By Stacy Nguyen
Northwest Asian Weekly
It was a project that began in May 2009. The Seattle Nisei Veterans Committee (NVC) needed more parking space at its location at 1212 South King Street in the International District. The challenge was coming up with the funding.
After some thought, members toyed with the idea of selling bricks for a memorial to pay for the expansion.
“It really just took on a life of its own from there,” said NVC Commander and President Keith Yamaguchi.
“The project just flip-flopped. We went from a parking lot expansion to a memorial project.”
For the most part, the project went off without a hitch.
“We were fortunate to have a front page article in The Seattle Times on Memorial Day a year ago,” said Steve Finley, the NVC Memorial Wall campaign leader. “So a lot of people found out about it. We also did a lot of direct mailing. It was fairly easy [to receive support] because people really wanted to honor their parents or their grandparents. Considering the tough economic times, I was really surprised at how generous people were.”
Last Sunday, Sept. 5, the Seattle NVC held a ceremony dedicating the memorial wall to Japanese Americans.
The program included musical performances by Seattle Kokon Taiko and the Minidoka Swing Band. It also included a poetry reading by Larry Matsuda. Speakers included Congressman Jim McDermott and former Washington Gov. Mike Lowry.
“The turnout from the community on Sunday was more than anything we expected,” said Yamaguchi. “Since then, the response has been great — we’ve even had a response from Thailand. We knew that there would probably be a little bump in the orders, but the response so far was totally unexpected.”
The wall is split into two sections. One section is dedicated to Japanese Americans who were interned during World War II. The other section is dedicated to Japanese Americans who have served in the U.S. military, notably those in the 442nd Infantry Regiment.
The wall contains bricks that have the names of internees and the camps or prisons they were forcibly relocated to. It also contains names of veterans, their branch of service, and the wars in which they fought.
In some instances, names appear on bricks in both sections. Approximately two-thirds of the bricks honor World War II veterans.
“This is a unique memorial,” said Yamaguchi. “You know, throughout the nation, you will find memorials for either [Japanese American] vets or those who were in camps. Well, this memorial encompasses everybody. The veterans [it honors] aren’t just World War II vets. It’s veterans of all conflicts, war time, peace time — it doesn’t make a difference. If you serve your country, this is a tribute to you.”
About 2,800 names are carved into black granite bricks that are stacked to create a wall that is 12 feet high and roughly 90 feet long.
The wall’s lead architect was Jay Deguchi, a partner at Seattle architectural design firm Suyama Peterson Deguchi. The wall was designed by Deguchi and Sean Kakigi, also from Suyama Peterson Deguchi.
“We positioned the wall so it’s a backdrop for the NVC clubhouse,” said Deguchi. “It’s not necessarily something that is very noticeable, but something where its presence is always felt.”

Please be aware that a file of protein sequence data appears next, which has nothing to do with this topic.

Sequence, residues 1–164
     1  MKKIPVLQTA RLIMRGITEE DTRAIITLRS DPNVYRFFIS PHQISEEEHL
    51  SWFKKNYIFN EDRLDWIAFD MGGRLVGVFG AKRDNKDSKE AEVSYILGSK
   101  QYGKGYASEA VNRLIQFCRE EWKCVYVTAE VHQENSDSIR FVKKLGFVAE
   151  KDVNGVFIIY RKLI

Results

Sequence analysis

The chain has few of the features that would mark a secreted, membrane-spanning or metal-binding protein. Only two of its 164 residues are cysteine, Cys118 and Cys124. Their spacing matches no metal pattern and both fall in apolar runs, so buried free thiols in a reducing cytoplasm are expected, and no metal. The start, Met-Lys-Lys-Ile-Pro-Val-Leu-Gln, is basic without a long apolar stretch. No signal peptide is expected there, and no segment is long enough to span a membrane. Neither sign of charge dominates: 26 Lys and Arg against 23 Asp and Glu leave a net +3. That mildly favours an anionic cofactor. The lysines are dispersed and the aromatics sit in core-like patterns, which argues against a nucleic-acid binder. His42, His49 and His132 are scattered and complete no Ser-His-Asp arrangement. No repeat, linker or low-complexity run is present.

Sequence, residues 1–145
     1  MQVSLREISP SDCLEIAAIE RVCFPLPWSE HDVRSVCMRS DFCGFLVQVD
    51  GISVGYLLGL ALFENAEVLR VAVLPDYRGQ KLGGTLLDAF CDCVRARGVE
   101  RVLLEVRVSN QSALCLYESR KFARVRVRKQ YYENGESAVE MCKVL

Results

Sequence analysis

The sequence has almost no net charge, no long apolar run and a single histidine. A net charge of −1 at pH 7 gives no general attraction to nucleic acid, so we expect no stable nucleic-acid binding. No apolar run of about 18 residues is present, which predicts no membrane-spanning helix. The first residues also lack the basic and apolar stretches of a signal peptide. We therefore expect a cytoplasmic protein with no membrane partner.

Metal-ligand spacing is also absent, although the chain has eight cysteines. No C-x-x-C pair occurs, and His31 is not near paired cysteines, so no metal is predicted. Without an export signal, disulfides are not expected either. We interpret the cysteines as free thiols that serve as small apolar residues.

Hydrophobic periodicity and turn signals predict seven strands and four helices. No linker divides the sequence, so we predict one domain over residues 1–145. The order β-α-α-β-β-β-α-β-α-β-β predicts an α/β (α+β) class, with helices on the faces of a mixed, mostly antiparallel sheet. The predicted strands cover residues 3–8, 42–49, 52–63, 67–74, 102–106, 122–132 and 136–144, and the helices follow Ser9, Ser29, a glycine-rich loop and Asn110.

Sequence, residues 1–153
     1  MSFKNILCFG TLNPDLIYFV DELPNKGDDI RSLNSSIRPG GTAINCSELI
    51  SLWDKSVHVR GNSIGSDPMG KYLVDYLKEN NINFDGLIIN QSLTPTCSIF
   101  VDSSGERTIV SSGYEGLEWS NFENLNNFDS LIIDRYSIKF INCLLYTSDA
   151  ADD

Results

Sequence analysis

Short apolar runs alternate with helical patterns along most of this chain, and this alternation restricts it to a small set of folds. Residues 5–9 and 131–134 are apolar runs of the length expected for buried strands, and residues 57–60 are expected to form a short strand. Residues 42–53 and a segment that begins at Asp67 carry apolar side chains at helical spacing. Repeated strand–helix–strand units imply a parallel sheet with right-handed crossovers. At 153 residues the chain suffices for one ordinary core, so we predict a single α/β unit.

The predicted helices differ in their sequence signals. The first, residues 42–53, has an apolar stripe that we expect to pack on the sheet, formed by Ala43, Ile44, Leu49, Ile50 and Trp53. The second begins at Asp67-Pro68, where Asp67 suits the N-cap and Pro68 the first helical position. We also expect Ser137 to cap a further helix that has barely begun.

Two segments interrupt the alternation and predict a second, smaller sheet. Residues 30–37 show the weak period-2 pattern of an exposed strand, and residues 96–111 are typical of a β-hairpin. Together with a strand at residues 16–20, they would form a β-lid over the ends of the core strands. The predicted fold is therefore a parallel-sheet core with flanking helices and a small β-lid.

The overhead concrete beam identifies the entrance of the memorial and is referential of Japanese torii gates. The trees around the wall are Japanese maples with clumping bamboo and scotch moss.
“There’s an individuality to each brick, but they’re also in this continuous whole,” added Deguchi, explaining that he aimed to convey the common experiences that tie Japanese Americans together. “We tried to keep [the design] as subtle — in keeping with the Japanese culture — as possible. We didn’t want something ostentatious. The most powerful thing about it is seeing the number of names.”
“I believe it is important to understand that the relevancy of this memorial is not just to Americans of Japanese ancestry, but to all Americans of all ancestries. It is a reminder that being American is not based on the color of your skin or religious background, but on what is in your heart and mind relative to freedoms we enjoy and the willingness to defend those freedoms for all Americans,” said Bryan Takeuchi, co-chair of the memorial campaign. “This is so evident, as my father’s generation was challenged, imprisoned by the nation they loved, and still fought to defend these freedoms and to claim their right to be called Americans.”
Roughly $1.1 million was raised over the past 15 months through the sale of memorial bricks and in-kind donations. U.S. Rep. Jim McDermott (D-Seattle) secured $200,000 more for the project through a federal earmark.
The minimum donation per brick is $260. The NVC states that there is currently no donation limit.
Organizers hope to sell and add 700 to 800 more bricks in the next year.
“I think this is a nice tribute to the Seattle community,” said Yamaguchi. “The Seattle community is open to a lot of different racial groups and ethnic backgrounds, and we are truly a melting pot. While we were cleaning the night of the ceremony, we had people driving into the parking, using their headlights to illuminate the bricks. There were several people that just walked in off the street who wanted to see the memorial wall. And these weren’t just Asians. These were Caucasians. These were Blacks. You name it. It crosses ethnic lines.” ♦
For more information, visit www.seattlenvc.org.
Stacy Nguyen can be reached at email@example.com.